Because of such divergent opinions on issues like gas development, it can be useful to remember the saying “numbers don’t lie.” But there’s also the follow on, “but liars use numbers.” For now, I’ll give the Pennsylvania Department of Environmental Protection (PADEP) the benefit of the doubt that they’re trying to catch up to the truth.
In a recent meeting with Earthworks and several partner organizations, agency representatives confirmed that gas development has caused many cases of water contamination. They seem to be going with the number 161, which an impressive investigation by the Scranton Times Tribune revealed in May.
This is actually a sign of progress, since after months of back-and-forth with the agency, former PADEP Secretary Michael Krancer told us in an April letter that DEP had determined shale gas drilling to have impacted the water supplies of only 25 households. In 2012, he even implied when testifying to the U.S. Congress that the number was zero.
For many residents of Pennsylvania and other gas and oil states, the stakes are clearly much higher than plain numbers suggest. Fouled water and air and weak industry oversight can quickly add up to health problems, lower quality of life, and diminished property values. And as long as state regulatory agencies keep adding drilling permits but not fines and enforcement, operators avoid accountability and the public pays the price.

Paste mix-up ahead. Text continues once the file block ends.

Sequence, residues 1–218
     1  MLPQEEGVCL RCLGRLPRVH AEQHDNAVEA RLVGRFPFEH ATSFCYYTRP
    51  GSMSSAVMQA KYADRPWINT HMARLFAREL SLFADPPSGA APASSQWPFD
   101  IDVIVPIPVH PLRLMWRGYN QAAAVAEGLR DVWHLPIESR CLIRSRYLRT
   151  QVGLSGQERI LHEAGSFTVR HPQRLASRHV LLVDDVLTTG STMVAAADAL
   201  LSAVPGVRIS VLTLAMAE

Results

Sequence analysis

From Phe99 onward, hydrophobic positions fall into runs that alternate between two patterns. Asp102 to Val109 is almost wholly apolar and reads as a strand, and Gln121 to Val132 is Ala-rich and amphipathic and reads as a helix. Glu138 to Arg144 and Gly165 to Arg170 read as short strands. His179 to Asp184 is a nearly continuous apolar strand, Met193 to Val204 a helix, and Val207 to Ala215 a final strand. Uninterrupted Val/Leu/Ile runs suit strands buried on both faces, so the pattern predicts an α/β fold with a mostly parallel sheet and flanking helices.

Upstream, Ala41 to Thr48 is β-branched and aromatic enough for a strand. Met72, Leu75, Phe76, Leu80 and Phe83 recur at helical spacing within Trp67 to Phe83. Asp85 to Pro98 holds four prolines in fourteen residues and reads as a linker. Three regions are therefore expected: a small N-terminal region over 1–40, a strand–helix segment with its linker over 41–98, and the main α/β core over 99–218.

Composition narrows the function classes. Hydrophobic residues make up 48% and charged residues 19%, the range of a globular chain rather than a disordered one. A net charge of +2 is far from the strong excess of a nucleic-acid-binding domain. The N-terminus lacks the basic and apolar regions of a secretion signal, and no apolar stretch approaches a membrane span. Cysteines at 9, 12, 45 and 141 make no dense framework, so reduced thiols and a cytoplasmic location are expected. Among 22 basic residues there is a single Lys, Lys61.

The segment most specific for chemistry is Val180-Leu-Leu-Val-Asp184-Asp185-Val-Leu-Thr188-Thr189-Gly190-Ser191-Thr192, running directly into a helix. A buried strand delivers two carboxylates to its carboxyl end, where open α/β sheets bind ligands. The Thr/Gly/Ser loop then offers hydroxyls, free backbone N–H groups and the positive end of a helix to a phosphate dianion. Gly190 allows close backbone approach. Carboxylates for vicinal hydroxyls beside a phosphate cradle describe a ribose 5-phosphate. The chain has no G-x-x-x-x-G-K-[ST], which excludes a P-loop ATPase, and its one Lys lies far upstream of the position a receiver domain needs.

Which is why it really does matter how, and how often, PADEP determines whether drilling is to blame for the water problems people experience. The agency needs to improve its tests, science, inspections, and investigations. Most important, they need to follow through with affirmative determinations to make sure that gas companies, in keeping with Pennsylvania law, provide a replacement source of safe drinking water to affected homeowners.
The recent change in stance at PADEP and the clear concern of many agency employees about the negative impacts of the state’s gas rush are very welcome. But there’s still a lot of work that must be done to make the equation come out in the public’s favor.